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Author Topic: Speed of floating point operations  (Read 1372 times)
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Which all goes to show what a nonsense measuring the performance and optimization of contrived sequences of code is.

If you have a real application - then it gets interesting.

Duane B.

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All volatile says is it may not alter the stores or loads to the variable.

It tells the compiler not to assume that the value in a variable, even if it does not appear that the variable has not been written to.

The issue in this code is due to the resulting variable is not used so the division was optimized away. You can force a use of that division by assigning it to a (volatile) variable.
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Is there a way to remove the -Os compile option and get rid of all the optimizations? Just for the sake of this kind of exercises?

You are proposing to disable all optimisations in order to make it possible to measure the performance? Doesn't that render the performance measurements meaningless?
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Which all goes to show what a nonsense measuring the performance and optimization of contrived sequences of code is.

If you have a real application - then it gets interesting.

Agree with you unless your goal is to learn about optimizations and how they are done. (there is always that other option smiley-wink
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20-40 clockpulses

I am very surprised that its that fast, just to be sure, do you mean milliseconds or clock pulses ?

Duane B

clockpulses... This is the code i used :

Code:
void setup()
{
  Serial.begin(9600);
  TCCR1B &= 0xF8;
  TCCR1B |= (1 << CS10);
}

void loop()
{
  float fnumber1, fnumber2;
  volatile float fresult = 0.0;
  
  uint16_t time;
  unsigned long total;
  
  for (int i = 0; i < 10000; i++)
  {
    fnumber1 = random() / 1000.0;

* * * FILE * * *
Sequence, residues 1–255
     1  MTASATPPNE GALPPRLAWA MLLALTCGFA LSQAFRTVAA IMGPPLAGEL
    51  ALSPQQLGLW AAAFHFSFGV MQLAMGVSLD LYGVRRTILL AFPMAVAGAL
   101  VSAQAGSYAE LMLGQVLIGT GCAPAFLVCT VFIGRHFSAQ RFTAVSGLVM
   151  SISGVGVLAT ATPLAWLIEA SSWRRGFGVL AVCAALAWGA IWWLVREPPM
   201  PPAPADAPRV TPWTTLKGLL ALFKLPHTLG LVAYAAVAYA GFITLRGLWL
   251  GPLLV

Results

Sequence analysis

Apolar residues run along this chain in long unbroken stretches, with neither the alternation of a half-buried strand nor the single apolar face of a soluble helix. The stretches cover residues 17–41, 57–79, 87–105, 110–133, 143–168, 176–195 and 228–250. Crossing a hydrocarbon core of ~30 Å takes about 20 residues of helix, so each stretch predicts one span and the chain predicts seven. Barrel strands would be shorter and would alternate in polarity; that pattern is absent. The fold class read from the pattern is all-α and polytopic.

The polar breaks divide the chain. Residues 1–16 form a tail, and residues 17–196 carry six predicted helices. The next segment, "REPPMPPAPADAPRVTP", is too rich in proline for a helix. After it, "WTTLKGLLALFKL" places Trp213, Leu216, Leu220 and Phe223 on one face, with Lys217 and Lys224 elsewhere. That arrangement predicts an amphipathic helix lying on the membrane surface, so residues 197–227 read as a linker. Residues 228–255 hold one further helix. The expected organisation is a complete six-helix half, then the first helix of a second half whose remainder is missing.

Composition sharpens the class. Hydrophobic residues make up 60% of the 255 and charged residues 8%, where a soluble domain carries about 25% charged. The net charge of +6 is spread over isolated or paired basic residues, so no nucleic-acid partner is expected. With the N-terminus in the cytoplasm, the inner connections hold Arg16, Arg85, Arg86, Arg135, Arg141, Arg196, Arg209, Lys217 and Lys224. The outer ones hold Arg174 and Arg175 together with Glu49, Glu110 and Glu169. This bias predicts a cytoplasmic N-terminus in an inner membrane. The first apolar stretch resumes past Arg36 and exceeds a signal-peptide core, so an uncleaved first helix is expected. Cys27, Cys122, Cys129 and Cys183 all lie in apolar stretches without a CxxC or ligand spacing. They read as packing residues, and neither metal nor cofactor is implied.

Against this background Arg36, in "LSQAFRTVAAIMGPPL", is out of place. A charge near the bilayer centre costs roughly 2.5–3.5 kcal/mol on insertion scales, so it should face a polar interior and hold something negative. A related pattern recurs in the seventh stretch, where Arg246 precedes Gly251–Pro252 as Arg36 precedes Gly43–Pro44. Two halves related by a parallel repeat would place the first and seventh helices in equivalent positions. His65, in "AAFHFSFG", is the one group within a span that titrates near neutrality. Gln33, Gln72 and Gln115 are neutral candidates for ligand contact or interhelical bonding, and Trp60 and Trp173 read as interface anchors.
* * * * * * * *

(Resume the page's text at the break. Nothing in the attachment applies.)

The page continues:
fnumber2 = random() / 1000.0;
  
    TCNT1 = 0;
    fresult = fnumber1 / fnumber2;
    time = TCNT1;
  
    total += time;
  }
  total /= 10000;
  
  Serial.print("delta: ");
  Serial.println(time, DEC);
  
  
  Serial.print(fnumber1, DEC);
  Serial.print(" / ");
  Serial.print(fnumber2, DEC);
  Serial.print(" = ");
  Serial.println(fresult, DEC);  
  

}


Quote
Which all goes to show what a nonsense measuring the performance and optimization of contrived sequences of code is.

If you have a real application - then it gets interesting.

Agree with you unless your goal is to learn about optimizations and how they are done. (there is always that other option smiley-wink

Well, disabling optimizations can be useful to compare floating point operations versus integer operations. The whole point of this exercise was to know - before i have a complete project - if the arduino will be fast enough and if i will be able to use floating points or if I will have to do all the calculations with integers.

But in the end... these measurements will indeed be estimates and real measurements can only be taken in real programs. I totally agree with that statement.
Thanks to everybody for this very informative discussion.


 
« Last Edit: November 11, 2012, 07:56:32 am by zatalian » Logged

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This is a good reference on the number of clockcycles required by an AVR chip to perform some mathematical operation (floating point operation). However, make sure not to invoke the function using some Arduino wrapper. As a rule of thumb, the lower your level of coding becomes, the faster the performance of your implementation will be, and the more difficult your code will become; so there's a balance you need to strike between efficiency and simplicity.
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